By: Robert F. Powelson |
In early February, Pennsylvania surpassed two million homeowners and employers using a competitive supplier for their electric service. Just three years ago, as the last of the long-term rate caps on electricity supply expired, only about 337,600 customers were using a competitive supplier.
Through consumer education efforts, including www.PAPowerSwitch.com, 34 percent of Pennsylvania electric consumers are using a competitive supplier, and customers have become more comfortable with their ability to shop, save money, and take advantage of incentives. Local residential customers can save as much as $20 a month. Choosing a competitive supplier also can provide consumers with a reliable electric price, as opposed to the volatility that can come with choosing the utility rate that changes quarterly.
For employers, the savings can range from thousands to millions of dollars annually. For example, in central Pennsylvania, Wolf Furniture has saved hundreds of thousands of dollars by combining shopping for electricity with energy-efficient programs. Savings for energy costs alone for stores in PPL territory was $84,000 in 2010.
Prices are only one indicator of the health of a competitive market. The number of options available to consumers – including low-income people participating in customer-assistance programs – is equally important. Competitive electric generation suppliers are bringing a variety of products and services to customers, and they also have “choice” when it comes to picking green products like wind and solar.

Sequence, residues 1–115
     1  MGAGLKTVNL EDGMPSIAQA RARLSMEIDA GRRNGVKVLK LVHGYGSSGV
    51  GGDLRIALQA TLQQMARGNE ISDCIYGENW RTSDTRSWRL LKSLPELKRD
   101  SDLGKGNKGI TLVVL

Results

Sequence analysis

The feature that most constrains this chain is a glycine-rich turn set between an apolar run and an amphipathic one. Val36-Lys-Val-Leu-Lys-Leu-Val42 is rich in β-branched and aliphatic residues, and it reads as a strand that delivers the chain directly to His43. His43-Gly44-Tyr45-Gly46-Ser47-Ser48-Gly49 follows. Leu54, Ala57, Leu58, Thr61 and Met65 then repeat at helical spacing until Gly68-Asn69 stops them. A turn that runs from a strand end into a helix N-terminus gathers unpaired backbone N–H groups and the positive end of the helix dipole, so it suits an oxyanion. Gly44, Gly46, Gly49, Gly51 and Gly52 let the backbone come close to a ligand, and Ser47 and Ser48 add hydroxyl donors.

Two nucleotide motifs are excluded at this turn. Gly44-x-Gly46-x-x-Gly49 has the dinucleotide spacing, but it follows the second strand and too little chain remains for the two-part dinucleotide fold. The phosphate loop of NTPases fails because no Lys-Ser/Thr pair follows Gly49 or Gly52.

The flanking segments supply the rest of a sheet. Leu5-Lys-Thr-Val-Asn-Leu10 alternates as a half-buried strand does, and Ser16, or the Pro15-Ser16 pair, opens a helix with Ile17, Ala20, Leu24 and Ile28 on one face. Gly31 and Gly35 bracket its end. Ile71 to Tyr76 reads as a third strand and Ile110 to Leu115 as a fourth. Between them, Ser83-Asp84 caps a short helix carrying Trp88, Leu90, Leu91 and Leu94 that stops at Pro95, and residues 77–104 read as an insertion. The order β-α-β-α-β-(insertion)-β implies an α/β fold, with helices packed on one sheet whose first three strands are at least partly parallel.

While we are proud of the market that has developed, the Public Utility Commission is committed to providing a framework that will allow continued growth. Almost six years ago, the commission began focusing on the hurdles that consumers would face with the end of long-term rate caps. As a result of the commission’s proactive measures, much of the rate shock that electric customers in other states suffered was avoided.
Today, the PUC is taking action to ensure the retail electric market’s long-term viability. On Feb. 14, we unanimously made changes to help consumers better reap the benefits of a competitive electric retail market. However, in finalizing our two-year retail markets investigation, we recognize that more work needs to be done.
Among the issues already addressed are the security of customer information; reporting requirements for quality-of-service benchmarks and standards, as well as universal service and energy conservation; standards for changing a customer’s electricity generation supplier; marketing and sales practices for the retail residential energy market; and standards and billing practices for residential utility service.
In addition, to ensure the market’s long-term viability for the benefit of consumers, we are proposing to restructure the way the utilities buy power so it more accurately reflects current market prices.
It is the commission’s responsibility to ensure that consumers enjoy competitive prices and a wide variety of innovative product offerings, and that competitive electric suppliers invest in Pennsylvania. The PUC will remain diligent and proactive in those tasks.